In many spiritual circles, everybody likes to talk about intuition. "Follow your heart," "Listen to your inner guide," teachers tell us. But I always get a little nervous when I hear that kind of advice because it all depends on who you're talking to. To take a very extreme example, if you told a fundamentalist terrorist to follow his or her heart, we all know where that would lead.
When you tell anybody to follow his heart or to trust her intuition, you first have to know who you're talking to, how developed he is, and to what degree she has actually evolved beyond ego. When we embark on the path of "Evolutionary Enlightenment," we recognize that most of us are deeply identified with the individual and collective ego, and therefore our choices and actions are, more often than not, driven by unconscious fears and desires and culturally conditioned beliefs and values. As we begin to awaken to what I call the "Authentic Self," or evolutionary impulse, and begin to identify more with that than with the individual and collective ego, the motivating forces for our choices and actions begin to shift. The goal in "Evolutionary Enlightenment" is for the individual's center of gravity or locus of identification to significantly shift so that the influence of the "Authentic Self" becomes greater than that of the ego. But until this critical threshold is crossed, talking about intuition is a dangerous business.
An intuition is usually a deeply felt sense of something we should do, or a particular direction to go in, that is not merely cognitive but more of a conviction or feeling of rightness. The problem this creates is that too many of us don't know the difference between those experiences of insight and conviction that come from the ego and those experiences of insight and conviction that are a reflection of the "Authentic Self." So unless you are very clear about the distinction between ego and Authentic Self, you can assume that you are intuiting all kinds of things and ascribe to them tremendous significance, when actually they are just the voice of the individual and collective ego. Unless we get over our ego-driven narcissism, the whole notion of intuition can become very tangled up with our already over-exaggerated sense of self-importance and with all the excessive significance we tend to give to our feelings and our personal story. If we're not awake to this, we can easily end up deluding ourselves and misleading others with our so-called spiritual intuitions.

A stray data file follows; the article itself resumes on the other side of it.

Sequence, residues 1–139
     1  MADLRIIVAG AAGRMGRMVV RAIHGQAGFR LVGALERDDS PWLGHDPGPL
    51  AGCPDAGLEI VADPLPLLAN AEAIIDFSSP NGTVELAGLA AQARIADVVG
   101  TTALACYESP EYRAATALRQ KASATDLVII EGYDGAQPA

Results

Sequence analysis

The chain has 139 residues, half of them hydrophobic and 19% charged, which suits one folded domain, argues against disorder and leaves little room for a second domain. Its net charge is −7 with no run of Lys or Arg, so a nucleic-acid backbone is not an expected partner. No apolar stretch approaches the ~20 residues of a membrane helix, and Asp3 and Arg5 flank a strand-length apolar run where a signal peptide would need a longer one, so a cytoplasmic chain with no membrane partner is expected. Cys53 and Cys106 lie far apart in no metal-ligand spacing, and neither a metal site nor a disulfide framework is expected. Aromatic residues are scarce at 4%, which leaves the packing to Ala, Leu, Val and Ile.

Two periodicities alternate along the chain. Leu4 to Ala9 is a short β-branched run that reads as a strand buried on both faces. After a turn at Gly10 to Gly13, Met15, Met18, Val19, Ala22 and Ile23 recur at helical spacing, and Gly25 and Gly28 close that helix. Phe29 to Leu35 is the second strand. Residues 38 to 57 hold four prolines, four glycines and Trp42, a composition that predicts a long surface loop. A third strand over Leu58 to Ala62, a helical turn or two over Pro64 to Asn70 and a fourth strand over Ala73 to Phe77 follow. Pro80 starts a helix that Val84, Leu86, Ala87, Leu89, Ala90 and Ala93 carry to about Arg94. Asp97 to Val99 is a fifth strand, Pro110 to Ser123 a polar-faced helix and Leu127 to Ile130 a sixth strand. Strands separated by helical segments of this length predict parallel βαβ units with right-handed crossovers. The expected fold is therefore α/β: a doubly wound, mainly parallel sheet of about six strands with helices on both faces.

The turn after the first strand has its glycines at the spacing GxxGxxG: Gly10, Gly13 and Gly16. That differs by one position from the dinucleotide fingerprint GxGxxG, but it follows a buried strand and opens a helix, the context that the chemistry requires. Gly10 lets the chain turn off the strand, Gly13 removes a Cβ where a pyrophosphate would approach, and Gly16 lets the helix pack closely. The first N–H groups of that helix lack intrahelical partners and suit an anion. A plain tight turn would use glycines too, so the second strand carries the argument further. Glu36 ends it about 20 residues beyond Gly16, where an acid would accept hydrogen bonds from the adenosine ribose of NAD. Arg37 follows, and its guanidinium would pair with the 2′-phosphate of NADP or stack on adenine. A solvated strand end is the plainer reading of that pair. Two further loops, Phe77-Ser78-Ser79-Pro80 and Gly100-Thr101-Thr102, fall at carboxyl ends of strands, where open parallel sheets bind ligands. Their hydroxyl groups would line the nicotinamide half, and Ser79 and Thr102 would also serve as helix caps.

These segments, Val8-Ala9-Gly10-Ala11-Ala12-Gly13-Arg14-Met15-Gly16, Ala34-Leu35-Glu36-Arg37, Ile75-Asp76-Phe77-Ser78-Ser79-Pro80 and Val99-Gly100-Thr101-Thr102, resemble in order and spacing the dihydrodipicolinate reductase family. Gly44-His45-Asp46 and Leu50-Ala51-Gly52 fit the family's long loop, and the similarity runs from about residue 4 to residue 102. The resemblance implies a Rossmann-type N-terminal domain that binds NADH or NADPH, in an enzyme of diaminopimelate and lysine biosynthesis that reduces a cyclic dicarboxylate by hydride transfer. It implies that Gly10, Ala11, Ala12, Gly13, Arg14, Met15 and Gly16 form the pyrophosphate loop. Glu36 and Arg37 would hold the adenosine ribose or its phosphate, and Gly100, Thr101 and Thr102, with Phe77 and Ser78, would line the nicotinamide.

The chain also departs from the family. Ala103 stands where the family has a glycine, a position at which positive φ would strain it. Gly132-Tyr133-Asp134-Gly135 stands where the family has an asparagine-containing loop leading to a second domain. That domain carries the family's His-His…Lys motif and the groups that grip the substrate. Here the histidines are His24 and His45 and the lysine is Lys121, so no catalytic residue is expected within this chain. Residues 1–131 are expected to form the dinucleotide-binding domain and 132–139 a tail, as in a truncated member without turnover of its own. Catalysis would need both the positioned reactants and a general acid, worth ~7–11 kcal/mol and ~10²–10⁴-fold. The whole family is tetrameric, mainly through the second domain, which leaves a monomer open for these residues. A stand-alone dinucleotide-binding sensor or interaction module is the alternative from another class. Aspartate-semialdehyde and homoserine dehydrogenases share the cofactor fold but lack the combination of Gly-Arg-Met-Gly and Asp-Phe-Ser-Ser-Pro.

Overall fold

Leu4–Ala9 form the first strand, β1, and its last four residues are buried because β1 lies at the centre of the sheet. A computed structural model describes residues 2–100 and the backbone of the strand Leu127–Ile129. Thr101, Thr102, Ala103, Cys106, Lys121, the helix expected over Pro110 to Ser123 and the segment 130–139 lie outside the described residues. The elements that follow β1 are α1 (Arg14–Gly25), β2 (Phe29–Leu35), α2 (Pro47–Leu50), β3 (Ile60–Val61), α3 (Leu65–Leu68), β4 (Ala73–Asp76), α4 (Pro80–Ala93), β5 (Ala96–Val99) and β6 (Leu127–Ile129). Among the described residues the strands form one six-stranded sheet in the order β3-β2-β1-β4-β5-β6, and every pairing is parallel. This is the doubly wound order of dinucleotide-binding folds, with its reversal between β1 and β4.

So intuition is a real thing, but I don't think we can blindly trust it. We want to always relate intuition to the evolution and development of the "Authentic Self" in order for it to be trustworthy and reliable. And most importantly, we need to educate ourselves about what the different dimensions of the self are, how the self works and what the mechanics of our own experience are in order to become so awake to the subjective dimension that we know what's happening, as it's happening. We want to get to the point where, when we have a strong feeling about something, we really know whether it's the ego at work or whether it is a deeper, more authentic part of our self. We want to get to the point where we are quite familiar with these different dimensions of the self so that we can make the right choices, consistently.
So for all the reasons I've just explained, in the teaching of "Evolutionary Enlightenment," I don't put too much emphasis on the significance of intuition, even though it is an inherent part of awakening beyond ego. When you begin to trust the "Authentic Self," which is the part of yourself that is always already awake and that miraculously knows before thought, you will discover a profoundly intuitive capacity that I call the mind of enlightenment. But in order to have access to that part of the self, it is imperative that you get very clear about how to make distinctions between the ego and the "Authentic Self." Once you can make these distinctions clearly, the intuitive dimension that is an inherent quality of the Authentic Self will spontaneously begin to emerge.
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